Editor’s note: John Wood is a septuagenarian racer who lives in Eagle River, Alaska, outside of Anchorage. Four years ago he wrote a first-person Masters Mind piece for FasterSkier detailing his return from a full knee replacement to winning his age group at the American Birkebeiner classic race 18 months later. This article provides an update on what happened next, including competing at the 2019 Masters World Cup in Beitostølen, Norway, following a second knee replacement.
This article is part of FasterSkier’s Masters Minds collection, an occasional series of dispatches from skiers aged anywhere north of 30. Are you a masters skier who loves your club? Submit camp or training recaps, announcements, or stories to email@example.com with the subject line “Masters Minds.” Articles can be first-person accounts, or written from an observatory standpoint with comments from others.
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By John Wood
I have skied three competitive cross-country relay races in my life.
The first was at the 1965 Junior Nationals in Bend, Oregon, where I represented the Alaska Region. The second was at the 1989 U.S. Masters National Championships in Telemark, Wisconsin, where I also represented Alaska. The third, when I was 71 years old, was this March at the 2019 World Masters Cross Country Championships in Beitostølen, Norway, where I represented the USA in the M9 age class for skiers aged 70–74. A fact unknown to my international competitors in Norway was that I was skiing on two recent total knee replacements, which is the rest of this story.
In April 2015, I wrote an article in FasterSkier explaining how my right knee wore out, was replaced in 2013, and how I recovered and won my age group in the 2015 American Birkebeiner. In early summer 2015 I was feeling really good about my recent Birkie and decided that I should “defend” my age group win. So I signed up for the 2016 Birkie and made my travel and housing arrangements.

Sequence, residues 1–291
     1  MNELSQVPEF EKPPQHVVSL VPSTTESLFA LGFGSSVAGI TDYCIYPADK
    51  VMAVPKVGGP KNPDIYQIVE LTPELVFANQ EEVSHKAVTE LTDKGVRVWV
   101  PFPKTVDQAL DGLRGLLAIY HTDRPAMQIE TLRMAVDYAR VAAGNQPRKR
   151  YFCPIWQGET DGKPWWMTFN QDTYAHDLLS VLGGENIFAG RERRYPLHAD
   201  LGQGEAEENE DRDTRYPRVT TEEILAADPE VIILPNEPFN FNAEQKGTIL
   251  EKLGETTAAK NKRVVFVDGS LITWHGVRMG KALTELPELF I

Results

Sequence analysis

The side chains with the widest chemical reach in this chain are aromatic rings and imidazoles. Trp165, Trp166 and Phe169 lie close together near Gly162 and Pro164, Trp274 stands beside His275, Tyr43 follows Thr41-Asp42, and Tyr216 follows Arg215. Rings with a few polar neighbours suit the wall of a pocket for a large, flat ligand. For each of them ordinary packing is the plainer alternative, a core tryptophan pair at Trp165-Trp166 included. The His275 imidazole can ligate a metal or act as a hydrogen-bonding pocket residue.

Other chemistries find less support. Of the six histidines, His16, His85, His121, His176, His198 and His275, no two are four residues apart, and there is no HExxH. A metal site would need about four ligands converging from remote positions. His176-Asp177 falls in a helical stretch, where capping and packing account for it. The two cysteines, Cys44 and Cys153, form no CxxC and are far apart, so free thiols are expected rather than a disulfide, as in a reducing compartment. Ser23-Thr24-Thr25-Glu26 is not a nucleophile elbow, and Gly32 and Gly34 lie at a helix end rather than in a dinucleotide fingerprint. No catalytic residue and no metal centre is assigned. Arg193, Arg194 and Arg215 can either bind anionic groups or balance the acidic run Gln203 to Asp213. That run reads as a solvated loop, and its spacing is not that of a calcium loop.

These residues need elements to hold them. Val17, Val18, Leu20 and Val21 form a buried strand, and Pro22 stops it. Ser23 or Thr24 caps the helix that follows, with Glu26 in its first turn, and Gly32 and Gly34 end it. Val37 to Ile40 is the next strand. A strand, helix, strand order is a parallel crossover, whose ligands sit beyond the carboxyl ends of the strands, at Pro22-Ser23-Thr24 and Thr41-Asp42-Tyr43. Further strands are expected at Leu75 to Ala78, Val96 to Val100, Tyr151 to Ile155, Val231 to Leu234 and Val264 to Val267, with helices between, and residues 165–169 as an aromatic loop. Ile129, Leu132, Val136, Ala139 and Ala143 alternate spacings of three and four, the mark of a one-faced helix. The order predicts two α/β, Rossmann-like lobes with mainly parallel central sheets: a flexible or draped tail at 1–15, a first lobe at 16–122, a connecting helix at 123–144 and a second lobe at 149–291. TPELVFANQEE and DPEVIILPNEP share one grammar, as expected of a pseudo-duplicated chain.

As the summer progressed and turned into fall my left knee, which I had relied upon for all of those years that my right knee was bad, now had to “keep up” with my new artificial right knee that could go like gangbusters while participating in such activities as hiking, rollerskiing, and snow skiing. My doctor had told me prior to my right knee replacement that my left knee was also pretty much worn out and would also need to be replaced at some point in the future, and he was right! Over about a month it began to swell, click, and generally make my life miserable. Doctor Eli Powell at Orthopedic Physicians Alaska in Anchorage confirmed my suspicions, and we scheduled surgery on the left knee for January 2016. My Birkie plans went out the window.
Dr. Powell’s total replacement of my left knee with a Stryker “Triathlon Total Knee System” on January 14, 2016, was uneventful from a medical point of view. I was discharged two days later, and my life on two artificial knees began. First order of business was surgery rehab.